In Democratic Autonomy and Democratic Confederalism, communities and individuals practise direct participative democracy in their everyday lives and skip the need to establish a nation-state. The people are also responsible for the defence and security of their regions, either at a local level through defence commissions and neighbourhood communes or at a regional level through a collection of defence units, as the People's Protection Unit (YPG), Women’s Protection Unit (YPJ) and Syrian Democratic Forces (SDF) have successfully demonstrated against Daesh. This dismisses the need for a monopoly of violence to maintain security and order and thus breaks the dichotomy between order and chaos. Rather than a dangerous and chaotic world that needs to be controlled, anarchy is seen as an opportunity to develop self-ruling institutions based on ecology and feminism. This understanding of anarchy follows Bakunin’s writing and develops further with Bookchin’s Hellenic model of democracy. Abdullah Ocalan offers Democratic Autonomy and Democratic Confederalism as a solution for a specific region in the world and does not claim it to be a universal answer for the whole world. However, it may prove useful in South Kurdistan, especially when we consider the internal divisions and tensions.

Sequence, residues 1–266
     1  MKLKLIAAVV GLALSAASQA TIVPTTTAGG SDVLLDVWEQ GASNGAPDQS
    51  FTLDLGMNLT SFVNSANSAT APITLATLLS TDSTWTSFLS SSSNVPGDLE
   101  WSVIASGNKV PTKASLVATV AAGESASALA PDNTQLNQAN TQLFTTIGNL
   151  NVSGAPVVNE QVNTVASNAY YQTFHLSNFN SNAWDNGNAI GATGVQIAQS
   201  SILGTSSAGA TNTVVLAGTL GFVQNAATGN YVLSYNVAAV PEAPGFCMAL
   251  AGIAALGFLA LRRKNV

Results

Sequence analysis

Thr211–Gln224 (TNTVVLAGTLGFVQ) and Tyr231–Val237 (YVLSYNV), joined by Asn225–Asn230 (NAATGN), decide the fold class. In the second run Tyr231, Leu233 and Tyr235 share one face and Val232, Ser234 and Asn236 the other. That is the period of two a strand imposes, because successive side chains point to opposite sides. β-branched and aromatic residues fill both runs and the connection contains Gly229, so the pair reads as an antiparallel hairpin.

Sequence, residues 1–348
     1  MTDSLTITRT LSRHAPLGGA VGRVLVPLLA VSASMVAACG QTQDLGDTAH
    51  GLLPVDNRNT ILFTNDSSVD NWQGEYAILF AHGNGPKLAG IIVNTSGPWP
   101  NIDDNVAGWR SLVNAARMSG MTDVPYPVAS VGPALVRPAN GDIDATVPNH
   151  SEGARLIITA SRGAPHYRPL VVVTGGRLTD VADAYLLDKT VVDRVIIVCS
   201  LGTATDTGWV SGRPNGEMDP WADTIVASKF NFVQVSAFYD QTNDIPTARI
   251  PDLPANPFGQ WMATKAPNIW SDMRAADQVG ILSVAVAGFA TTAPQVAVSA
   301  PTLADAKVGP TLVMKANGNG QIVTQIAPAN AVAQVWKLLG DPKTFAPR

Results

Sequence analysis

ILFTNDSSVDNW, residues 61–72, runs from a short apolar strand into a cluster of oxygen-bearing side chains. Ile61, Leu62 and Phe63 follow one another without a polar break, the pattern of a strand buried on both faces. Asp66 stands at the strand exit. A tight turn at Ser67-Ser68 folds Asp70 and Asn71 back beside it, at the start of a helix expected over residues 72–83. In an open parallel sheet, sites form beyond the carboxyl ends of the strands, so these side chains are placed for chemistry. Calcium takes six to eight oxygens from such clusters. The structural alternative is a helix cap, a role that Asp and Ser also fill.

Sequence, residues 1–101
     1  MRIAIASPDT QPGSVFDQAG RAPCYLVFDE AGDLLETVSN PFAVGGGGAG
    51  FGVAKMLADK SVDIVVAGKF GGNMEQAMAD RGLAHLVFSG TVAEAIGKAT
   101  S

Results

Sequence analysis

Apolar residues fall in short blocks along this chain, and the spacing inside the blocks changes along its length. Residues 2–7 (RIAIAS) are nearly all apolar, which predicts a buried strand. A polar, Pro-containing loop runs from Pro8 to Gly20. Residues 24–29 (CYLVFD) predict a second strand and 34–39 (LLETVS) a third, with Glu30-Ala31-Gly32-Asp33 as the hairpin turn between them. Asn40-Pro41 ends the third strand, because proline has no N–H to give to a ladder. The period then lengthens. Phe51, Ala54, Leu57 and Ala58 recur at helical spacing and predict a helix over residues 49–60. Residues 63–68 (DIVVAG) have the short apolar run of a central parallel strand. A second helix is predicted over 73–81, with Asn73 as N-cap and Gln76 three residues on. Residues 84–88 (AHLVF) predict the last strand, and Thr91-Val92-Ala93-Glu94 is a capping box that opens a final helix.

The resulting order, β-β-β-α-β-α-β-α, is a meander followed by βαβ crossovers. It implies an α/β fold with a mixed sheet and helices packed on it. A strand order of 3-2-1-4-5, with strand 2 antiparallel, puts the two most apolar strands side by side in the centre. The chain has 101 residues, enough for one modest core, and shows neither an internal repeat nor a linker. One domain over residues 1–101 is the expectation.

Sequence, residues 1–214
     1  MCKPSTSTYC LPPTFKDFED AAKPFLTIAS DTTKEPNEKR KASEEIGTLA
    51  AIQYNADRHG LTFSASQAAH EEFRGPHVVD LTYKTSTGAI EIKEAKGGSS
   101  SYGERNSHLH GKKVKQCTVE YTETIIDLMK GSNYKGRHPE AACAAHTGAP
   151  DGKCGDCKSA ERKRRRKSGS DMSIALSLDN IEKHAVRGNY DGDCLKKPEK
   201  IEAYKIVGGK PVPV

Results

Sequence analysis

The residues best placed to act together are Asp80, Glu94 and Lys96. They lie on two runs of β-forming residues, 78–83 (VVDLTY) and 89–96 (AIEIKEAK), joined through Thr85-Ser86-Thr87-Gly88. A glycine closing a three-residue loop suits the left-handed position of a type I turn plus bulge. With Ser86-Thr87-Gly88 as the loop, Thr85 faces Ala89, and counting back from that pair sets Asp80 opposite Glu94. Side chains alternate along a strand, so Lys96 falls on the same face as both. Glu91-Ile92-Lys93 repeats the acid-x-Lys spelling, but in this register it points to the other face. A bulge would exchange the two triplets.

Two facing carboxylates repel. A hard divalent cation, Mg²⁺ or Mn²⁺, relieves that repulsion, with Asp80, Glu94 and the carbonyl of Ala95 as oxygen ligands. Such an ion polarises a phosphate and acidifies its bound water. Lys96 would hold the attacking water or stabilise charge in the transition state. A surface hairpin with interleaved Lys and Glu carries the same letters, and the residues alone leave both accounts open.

South Kurdistan is not a homogenous population as most adherents to nation-statism assume. It is divided between different regions with different dialects, religions, cultural practises, histories, identities and ideologies. If it were to be a sovereign nation-state, a solution will still be needed for this diversity. Will the Sinjar Resistance Movement (YBS) be forced to submit to the state? Will the Sulaymaniyah region have to give up its autonomy? Will the parties clash over policies and ideologies?